- Thursday 8th February 1821
Anne still dreamed of setting up home together with Mariana, but the possibility grew ever more remote and her loyalty to Mariana waned. Broken-hearted and disgusted, Anne wrote of the marriage as legalised prostitution.
Eliza Raine had expected to live with Anne as an adult, but Anne’s affairs with Isabella Norcliffe and Mariana Lawton (née Belcombe) caused her such despair and frustration that Eliza became a patient at Clifton Asylum, ironically run by Mariana's father, Dr Belcombe.
In 1815, aged 24, Anne moved permanently into Shibden Hall to live with her ageing Uncle James and his sister Anne. Realising she was to become the manager of a relatively large and prestigious local estate, Anne began a serious programme of self-education and enlightenment, developing an astute business manner in a male-dominated world.
Anne adopted a strict personal routine, getting up at five o’clock to study Greek, Latin and algebra. She kept to a light diet, took regular exercise by walking everywhere and practiced her flute daily. Later in life she found time to study French, Italian, minerology and anatomy.
Throughout her life, Anne was always restless, wanting to improve herself, to be more knowledgeable and wealthier. She longed for a higher social standing, not just the heiress of the old gentry family in a town swelled by nouveau riches mill owners. Hidden in her diary is her embarrassment at some aspects of Shibden Hall: bitterly cold in winter and damp in summer.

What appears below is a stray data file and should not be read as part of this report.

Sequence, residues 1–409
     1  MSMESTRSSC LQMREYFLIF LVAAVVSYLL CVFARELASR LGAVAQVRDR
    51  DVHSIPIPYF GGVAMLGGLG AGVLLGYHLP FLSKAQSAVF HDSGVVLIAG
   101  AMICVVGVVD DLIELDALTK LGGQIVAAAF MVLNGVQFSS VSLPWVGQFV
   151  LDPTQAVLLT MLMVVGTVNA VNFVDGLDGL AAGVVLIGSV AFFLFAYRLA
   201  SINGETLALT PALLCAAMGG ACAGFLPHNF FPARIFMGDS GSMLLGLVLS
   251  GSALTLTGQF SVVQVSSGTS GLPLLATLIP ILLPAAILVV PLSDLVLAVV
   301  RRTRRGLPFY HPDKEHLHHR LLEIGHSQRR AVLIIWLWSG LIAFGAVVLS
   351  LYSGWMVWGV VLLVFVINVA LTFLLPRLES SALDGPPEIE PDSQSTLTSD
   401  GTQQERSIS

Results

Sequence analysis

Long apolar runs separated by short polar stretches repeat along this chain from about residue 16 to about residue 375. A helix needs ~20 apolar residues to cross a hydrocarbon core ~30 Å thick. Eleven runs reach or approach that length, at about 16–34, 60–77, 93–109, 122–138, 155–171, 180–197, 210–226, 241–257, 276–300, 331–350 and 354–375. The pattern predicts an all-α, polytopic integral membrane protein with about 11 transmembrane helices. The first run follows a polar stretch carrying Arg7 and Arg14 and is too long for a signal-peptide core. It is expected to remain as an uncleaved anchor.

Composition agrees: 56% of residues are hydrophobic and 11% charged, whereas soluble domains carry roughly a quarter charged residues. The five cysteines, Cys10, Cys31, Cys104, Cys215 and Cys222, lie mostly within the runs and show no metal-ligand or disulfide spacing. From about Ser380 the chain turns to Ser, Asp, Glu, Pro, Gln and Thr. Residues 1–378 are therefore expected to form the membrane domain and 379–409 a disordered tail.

Money was also a problem. Anne did not buy a new carriage but rather a second hand gig and it was she rather than her maid, who mended her gloves, stockings and stays. Anne’s only extravagances until she fully came into her inheritance in 1836 were her travelling and her books.
According to her diary, Anne was tall, with a boyish figure, and not particularly attractive. Her hair was arranged in tight curls on either side of her face. She chose to wear a black dress trimmed with a neck ruff, stout boots and in her black coat and round hat (rather than a feminine bonnet) she presented an unusual sight around Halifax. Marianna Lawton (née Belcombe) was initially ashamed to be seen in public with Anne, as her appearance was commented on.
“I have almost made up mind always to wear black.”
- 1st June 1817
Anne Lister became an inveterate traveller throughout her adult life. Initially she was confined to touring around Britain, but in 1819 she went to Paris for three weeks with her aunt; an experience which awakened her ambition to see for herself the places which she had so far only encountered in her extensive reading.
Defying the conventions of the early 19th century which decreed that women, if they travelled at all, should only do so if accompanied by a male protector or chaperone; Anne’s expeditions became ever more adventurous, especially during the last twelve years of her life. Her diaries record the excitement and difficulties of travelling abroad in carriages on atrocious roads.
During a protracted stay in Paris from 1824 to 1826, Anne met Maria Barlow, a widow. Anne succeeded in winning Maria’s affections, but her social standing and financial worth did not meet Anne’s aspirations. Anne continued to seek a more suitable life partner who would allow her to climb the social ranks.